Fourteen new coloring agents have been synthesized with solvatochromic properties, i.e. their color changes according to the type of plastic they are applied on or the substance in which they dissolve. This feat was achieved at the Universidad de Alicante’s (UA) Institute of Organic Synthesis (ISO). This fundamental and applied research project forms a part of the PhD theses carried out by María José Albaladejo and María José González and directed by professor of Organic Chemistry and ISO director Francisco Alonso.
Family of coloring agents developed by the UA Institute of Organic Synthesis (ISO). (Image credit: UA Audiovisual Studio)
The method involved is intriguing from the standpoint of fundamental research, as only one starting substance is used, indolizine, which subsequently self-transforms into a colorant. According to Francisco Alonso,
“the original molecular structure remains the same, with only a hydrogen atom being replaced by a fragment from another identical indolizine molecule, so the transformation process as a whole can be described as a ‘transplant between molecular clones’, which is highly unusual in organic synthesis.”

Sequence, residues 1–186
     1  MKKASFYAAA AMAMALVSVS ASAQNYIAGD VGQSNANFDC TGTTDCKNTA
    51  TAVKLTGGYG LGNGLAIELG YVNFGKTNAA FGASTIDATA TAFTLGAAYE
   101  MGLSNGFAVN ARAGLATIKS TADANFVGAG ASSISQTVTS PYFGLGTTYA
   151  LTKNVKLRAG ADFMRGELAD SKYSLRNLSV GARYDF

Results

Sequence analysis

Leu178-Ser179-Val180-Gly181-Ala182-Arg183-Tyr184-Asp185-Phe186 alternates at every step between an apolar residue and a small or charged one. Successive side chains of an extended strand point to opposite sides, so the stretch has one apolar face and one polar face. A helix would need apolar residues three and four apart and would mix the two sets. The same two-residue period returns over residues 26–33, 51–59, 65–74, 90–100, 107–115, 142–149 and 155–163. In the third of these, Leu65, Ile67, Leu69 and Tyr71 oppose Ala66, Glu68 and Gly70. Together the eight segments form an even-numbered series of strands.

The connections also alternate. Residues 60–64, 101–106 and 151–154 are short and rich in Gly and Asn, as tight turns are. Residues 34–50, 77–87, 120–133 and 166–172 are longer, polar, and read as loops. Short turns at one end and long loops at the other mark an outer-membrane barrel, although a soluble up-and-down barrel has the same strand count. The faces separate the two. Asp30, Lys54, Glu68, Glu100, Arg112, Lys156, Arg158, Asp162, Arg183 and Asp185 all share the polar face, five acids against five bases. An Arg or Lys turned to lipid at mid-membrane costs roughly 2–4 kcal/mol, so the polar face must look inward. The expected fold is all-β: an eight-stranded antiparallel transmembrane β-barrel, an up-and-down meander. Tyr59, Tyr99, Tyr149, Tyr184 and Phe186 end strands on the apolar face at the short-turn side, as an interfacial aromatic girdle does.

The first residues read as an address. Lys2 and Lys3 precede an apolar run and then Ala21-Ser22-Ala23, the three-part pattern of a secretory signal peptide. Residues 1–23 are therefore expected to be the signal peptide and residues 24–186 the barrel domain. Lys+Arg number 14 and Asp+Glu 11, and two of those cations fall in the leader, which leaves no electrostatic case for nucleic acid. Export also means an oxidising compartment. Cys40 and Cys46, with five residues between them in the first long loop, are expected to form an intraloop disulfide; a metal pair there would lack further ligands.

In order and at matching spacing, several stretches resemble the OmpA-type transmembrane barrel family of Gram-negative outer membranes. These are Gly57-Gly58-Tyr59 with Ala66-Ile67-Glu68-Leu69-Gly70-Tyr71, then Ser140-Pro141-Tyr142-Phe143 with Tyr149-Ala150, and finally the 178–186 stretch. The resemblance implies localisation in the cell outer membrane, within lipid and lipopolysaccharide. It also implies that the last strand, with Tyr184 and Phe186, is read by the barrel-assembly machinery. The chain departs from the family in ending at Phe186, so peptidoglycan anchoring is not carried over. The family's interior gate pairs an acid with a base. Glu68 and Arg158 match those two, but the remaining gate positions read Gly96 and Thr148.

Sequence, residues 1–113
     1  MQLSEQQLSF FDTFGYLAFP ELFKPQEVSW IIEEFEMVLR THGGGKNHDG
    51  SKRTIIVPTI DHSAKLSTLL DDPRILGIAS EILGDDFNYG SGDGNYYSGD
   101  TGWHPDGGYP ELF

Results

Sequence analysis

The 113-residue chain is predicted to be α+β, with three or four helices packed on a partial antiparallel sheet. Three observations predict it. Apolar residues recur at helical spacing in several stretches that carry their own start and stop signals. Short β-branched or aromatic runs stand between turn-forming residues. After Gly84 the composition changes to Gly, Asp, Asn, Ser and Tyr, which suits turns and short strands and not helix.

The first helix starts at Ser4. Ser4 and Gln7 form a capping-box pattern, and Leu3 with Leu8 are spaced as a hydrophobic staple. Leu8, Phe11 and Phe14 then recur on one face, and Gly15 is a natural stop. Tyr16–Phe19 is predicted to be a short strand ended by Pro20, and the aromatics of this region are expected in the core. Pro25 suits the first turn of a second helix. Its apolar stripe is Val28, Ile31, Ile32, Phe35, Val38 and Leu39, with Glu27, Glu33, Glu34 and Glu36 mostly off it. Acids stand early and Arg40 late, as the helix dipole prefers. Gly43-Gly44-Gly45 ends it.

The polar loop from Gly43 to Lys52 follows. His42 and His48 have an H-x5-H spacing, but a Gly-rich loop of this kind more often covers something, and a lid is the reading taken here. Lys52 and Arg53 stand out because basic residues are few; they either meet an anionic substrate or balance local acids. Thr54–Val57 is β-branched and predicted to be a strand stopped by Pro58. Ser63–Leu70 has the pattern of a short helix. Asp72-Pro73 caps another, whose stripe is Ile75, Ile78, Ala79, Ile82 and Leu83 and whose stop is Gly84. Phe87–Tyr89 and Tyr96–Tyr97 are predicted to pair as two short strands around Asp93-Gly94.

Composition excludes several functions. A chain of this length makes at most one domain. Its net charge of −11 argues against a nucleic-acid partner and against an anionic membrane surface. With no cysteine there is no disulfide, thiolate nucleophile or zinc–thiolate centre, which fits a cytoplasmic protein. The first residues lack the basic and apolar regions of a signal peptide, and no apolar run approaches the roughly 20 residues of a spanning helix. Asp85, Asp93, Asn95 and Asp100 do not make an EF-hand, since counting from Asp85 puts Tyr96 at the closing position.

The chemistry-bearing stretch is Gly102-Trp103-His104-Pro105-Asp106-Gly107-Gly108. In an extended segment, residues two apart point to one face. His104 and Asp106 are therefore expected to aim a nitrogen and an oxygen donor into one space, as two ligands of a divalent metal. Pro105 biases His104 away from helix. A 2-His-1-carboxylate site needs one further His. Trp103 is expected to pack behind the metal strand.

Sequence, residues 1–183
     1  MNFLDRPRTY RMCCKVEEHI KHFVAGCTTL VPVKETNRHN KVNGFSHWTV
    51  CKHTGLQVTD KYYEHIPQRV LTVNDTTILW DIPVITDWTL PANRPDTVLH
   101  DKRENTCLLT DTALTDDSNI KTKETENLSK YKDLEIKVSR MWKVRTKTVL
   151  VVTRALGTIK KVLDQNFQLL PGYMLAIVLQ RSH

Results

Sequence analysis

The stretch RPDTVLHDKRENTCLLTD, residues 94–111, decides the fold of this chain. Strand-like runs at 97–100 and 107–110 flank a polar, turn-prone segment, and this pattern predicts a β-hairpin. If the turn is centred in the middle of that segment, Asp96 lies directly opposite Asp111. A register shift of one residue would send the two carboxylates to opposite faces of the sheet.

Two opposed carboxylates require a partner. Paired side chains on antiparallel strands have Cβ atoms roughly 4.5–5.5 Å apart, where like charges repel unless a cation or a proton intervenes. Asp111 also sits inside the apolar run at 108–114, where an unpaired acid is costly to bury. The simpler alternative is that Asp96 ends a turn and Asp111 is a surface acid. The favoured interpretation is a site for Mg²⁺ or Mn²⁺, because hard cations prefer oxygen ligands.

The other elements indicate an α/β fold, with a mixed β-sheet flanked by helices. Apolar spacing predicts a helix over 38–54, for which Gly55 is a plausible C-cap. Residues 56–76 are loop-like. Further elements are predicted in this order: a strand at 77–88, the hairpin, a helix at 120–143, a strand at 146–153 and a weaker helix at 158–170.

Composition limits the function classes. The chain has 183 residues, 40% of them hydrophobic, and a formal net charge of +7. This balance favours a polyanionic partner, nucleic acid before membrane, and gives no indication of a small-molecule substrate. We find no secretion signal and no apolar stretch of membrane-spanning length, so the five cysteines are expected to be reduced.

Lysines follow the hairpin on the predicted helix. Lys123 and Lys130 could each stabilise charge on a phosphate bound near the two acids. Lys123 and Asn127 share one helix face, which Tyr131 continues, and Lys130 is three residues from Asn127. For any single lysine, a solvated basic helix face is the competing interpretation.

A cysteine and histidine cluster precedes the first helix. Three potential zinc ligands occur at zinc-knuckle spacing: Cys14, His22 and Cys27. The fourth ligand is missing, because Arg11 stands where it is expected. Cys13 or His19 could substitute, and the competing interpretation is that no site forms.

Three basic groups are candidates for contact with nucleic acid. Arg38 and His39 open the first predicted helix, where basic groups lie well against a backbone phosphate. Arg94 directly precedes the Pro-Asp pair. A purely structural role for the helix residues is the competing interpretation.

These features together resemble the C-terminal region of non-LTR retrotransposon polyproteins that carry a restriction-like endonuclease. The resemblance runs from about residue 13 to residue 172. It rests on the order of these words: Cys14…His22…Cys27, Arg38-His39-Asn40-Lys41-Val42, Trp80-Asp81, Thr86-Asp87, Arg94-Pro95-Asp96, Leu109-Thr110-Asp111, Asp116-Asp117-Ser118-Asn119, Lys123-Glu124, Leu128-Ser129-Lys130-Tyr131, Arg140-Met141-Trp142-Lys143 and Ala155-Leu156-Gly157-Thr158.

Oddly enough, these colourants exhibit a single molecular structure when they are solid, but two in solution (rotamers). An even more surprising fact is that the solvatochromic behaviour has been displayed at very low concentrations also in plastic materials. This means that different plastics which do not absorb visible light and are perceived as colourless or whitish can switch to a different colour by means of the same colouring agent.
The process of making the coloring agents is environmentally friendly, as no metals or harmful solvents are present, and has demonstrated to be efficient on a multigram scale. In this sense, their coloring power is really high. Plastic plaques of numerous materials were dyed during laboratory tests with only 0.05-0.2% of a coloring agent.
Since 2014, the ISO has been working to synthesize indolizine-derived dyes with probable applications in thermography and photothermography, optical filters, laser recording and reading devices, electrochromic devices, and photoelectric converters for solar cells. After a number of years of hard work, the UA researchers have succeeded in designing up to 14 different colorants for colorless plastics.
The research details have been published recently in Green Chemistry, a journal published by The Royal Society of Chemistry. This Valencia Region Government-funded project has been patented. Alicante-based plastics companies IQAP Masterbach Group S.L. and Colortec Química S.L. and ISO PhD researcher Diana Almasi, in charge of process scaling, were also part of this venture.